Thursday, June 25, 2015

on the confederate flag and southern pride.

I am a born and raised Southerner. I am also a proud Southerner.

I'm not entirely sure how I came to be such a proud Southerner, as my family wasn't overly into hospitality or grits growing up, but most everyone owns a gun or six and loves their mama. And biscuits. Being a proud Southerner is this overarching theme of growing up in the South. Like, a couple of hundred years ago someone from New York called someone from Birmingham an idiot for living in the woods or something and suddenly, we had to be more proud of our geographical location than anything else. Babies are spoon-fed Southern pride for breakfast down here. It's very much a love it and don't ever leave it mentality.

My family also has a deep and rich respect for history. We just love us some good, clean American history. Other than sports and our deep love for the One who saved us, American history is the one thing everyone that I lived with for 18 years can talk about for hours on end.

Growing up if we were in a car and within 8-12 hours of a battlefield of some sort, we stopped by it. Because of our geographical location these battlefield were usually of the Civil War type battlefields. After a few trips to other battlefields, like those old-school Revolutionary War sites, I am not sure there's much of a difference between any of them. There's a field, maybe a wall of some sort, an old cabin and a well-air conditioned visitors' center.

I don't remember feeling any sort of crazy amount of pride at any battlefield I've ever visited, usually just felt hot and mad that my mother was taking another picture of the above-mentioned field or wall.

I say all of this to lament the fact that I grew up in a home where education was important and knowing your family history and heritage was involved in that. We just happened to all grow-up below the Mason-Dixon Line. I imagine the same would've been true had my father decided to be an electrical engineer in Nevada.

No one in my home taught me that Southern pride had anything to do with the Civil War or the Confederate flag. No one in my hometown ever said, "would you like a side of the Confederacy with your biscuits this morning?" Sure, I saw those flags everywhere growing up, but I was never taught that being proud of your past meant you needed to cling tightly to a certain piece of cloth.

Somewhere in the middle of an afternoon viewing of a Civil War battle re-enactment, I remember learning that the South lost the Civil War and thinking that was good, because my mother's entire side of the family was from the North. I was young and my father was videotaping said re-enactment and I said to no one and the camera, "If Nana was here, she'd be rooting for the North." My parents asked me why and I didn't know and that was that. No one was all, "No, honey, your grandmother actually is a big supporter of states' rights and small federal government." No, everyone just kind of moved on.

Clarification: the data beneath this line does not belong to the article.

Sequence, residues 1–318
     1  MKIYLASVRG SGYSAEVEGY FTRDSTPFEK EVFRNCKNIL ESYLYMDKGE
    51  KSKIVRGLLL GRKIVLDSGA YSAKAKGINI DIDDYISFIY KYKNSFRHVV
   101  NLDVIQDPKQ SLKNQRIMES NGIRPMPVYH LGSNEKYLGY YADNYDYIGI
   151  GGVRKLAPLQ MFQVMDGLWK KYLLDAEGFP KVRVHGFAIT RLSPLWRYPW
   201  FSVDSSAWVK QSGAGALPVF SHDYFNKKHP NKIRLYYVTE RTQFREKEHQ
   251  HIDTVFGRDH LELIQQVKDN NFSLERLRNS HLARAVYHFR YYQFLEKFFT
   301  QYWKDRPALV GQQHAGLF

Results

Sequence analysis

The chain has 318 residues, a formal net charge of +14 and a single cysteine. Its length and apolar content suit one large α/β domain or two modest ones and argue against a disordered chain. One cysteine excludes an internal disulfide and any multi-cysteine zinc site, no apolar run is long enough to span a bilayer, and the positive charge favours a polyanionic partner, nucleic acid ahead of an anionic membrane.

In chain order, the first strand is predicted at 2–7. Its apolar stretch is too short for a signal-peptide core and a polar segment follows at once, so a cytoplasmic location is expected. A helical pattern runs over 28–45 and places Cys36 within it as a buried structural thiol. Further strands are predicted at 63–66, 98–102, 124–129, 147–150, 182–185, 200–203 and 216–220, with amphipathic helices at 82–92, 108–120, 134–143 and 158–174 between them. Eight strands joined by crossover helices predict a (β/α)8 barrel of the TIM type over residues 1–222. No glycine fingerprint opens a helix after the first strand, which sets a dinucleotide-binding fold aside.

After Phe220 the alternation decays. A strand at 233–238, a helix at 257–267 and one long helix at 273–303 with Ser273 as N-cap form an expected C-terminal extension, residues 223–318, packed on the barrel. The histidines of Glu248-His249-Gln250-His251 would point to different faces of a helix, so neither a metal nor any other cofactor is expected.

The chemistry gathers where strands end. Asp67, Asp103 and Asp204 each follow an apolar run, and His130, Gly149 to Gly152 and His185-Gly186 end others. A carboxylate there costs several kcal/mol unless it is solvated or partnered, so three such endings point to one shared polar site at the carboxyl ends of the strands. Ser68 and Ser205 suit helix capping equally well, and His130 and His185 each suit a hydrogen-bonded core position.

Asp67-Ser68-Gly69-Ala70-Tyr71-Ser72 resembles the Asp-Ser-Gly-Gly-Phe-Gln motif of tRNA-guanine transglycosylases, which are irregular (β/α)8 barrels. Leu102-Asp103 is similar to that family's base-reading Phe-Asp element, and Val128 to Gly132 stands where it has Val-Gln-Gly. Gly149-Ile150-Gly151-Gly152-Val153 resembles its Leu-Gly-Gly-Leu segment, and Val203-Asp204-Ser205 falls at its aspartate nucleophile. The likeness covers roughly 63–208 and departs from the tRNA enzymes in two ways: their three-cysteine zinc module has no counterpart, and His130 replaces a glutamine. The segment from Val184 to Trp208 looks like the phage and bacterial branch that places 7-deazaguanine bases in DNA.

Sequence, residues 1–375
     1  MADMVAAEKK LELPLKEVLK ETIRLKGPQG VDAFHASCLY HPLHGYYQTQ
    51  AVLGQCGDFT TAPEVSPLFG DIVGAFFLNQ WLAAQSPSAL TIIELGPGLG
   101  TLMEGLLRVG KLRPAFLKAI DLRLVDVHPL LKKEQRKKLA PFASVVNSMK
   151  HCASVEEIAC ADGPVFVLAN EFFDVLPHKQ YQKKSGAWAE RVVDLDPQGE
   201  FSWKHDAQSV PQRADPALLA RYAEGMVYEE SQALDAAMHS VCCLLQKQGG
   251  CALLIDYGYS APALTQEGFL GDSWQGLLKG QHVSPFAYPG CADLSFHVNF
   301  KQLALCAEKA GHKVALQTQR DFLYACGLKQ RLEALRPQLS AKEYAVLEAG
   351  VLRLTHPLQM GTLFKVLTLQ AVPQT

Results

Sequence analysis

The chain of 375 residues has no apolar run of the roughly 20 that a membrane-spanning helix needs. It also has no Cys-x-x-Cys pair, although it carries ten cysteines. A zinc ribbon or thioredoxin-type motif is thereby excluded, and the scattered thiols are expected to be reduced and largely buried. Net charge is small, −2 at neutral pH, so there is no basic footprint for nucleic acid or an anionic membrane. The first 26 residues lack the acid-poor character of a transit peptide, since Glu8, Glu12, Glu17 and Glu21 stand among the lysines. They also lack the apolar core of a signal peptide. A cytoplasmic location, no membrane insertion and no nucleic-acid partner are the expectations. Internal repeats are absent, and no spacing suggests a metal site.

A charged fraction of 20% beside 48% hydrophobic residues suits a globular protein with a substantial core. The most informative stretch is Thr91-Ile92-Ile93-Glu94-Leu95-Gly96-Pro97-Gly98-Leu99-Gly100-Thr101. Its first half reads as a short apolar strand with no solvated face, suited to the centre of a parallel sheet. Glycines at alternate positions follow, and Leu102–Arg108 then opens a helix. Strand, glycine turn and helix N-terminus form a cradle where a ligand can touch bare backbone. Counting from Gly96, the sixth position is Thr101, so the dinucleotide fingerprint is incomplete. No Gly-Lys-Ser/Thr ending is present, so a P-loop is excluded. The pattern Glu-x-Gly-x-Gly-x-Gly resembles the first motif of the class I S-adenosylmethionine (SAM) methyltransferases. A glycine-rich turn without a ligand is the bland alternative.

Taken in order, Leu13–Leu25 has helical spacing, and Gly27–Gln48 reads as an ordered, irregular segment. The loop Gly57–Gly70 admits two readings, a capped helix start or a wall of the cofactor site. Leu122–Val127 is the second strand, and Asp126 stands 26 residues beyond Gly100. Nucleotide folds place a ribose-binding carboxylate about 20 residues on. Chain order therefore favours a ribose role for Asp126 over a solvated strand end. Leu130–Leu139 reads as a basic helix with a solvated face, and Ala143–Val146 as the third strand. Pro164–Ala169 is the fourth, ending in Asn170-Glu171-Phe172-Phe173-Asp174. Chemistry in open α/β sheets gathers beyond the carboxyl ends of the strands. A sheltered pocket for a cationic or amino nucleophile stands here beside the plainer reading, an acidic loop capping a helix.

I played sports growing up and by the time I got to high school I had probably lost more games as an athlete than I had won. There were a few of those games where really cool things happened and we could kind of celebrate, but mostly-- I was a big ole (team) loser. When your high school basketball team loses a game by 68 points there are no bright spots. I was taught that a moral victory is a band-aid to encourage you to do better during the next game-- it was not an actual "W." It was a loss. If you didn't score as many points as the other team, you lost.

The South lost the Civil War. Why would a group of people choose to still celebrate a war they lost, over 100 years later if it wasn't backed by something else? I know my facts and I know my history, I know how the war started, who started it and how it ended. These days, that flag doesn't stand for anything other than hate. That flag says to people-- let's get back to the 1860s when life was good. 

No one who flies that flag outside of their home has made one proactive argument for states' right in their life. No, people who want smaller federal government are called Libertarians, not racists.

During the Civil War there were men who fought for their family, for their state, for what they believed in and they lost. You can be proud of that. You can be proud of where you're from, but you can also know that there are thousands of other people who don't have that same story and when they see your symbol of "heritage," they don't know your story, so they see hate.

If your "heritage" is a symbol of hate for so many people, isn't it time to find a new symbol? Put a biscuit on the pole. Fry up some catfish and paint a portrait of it.

It's time to move on.


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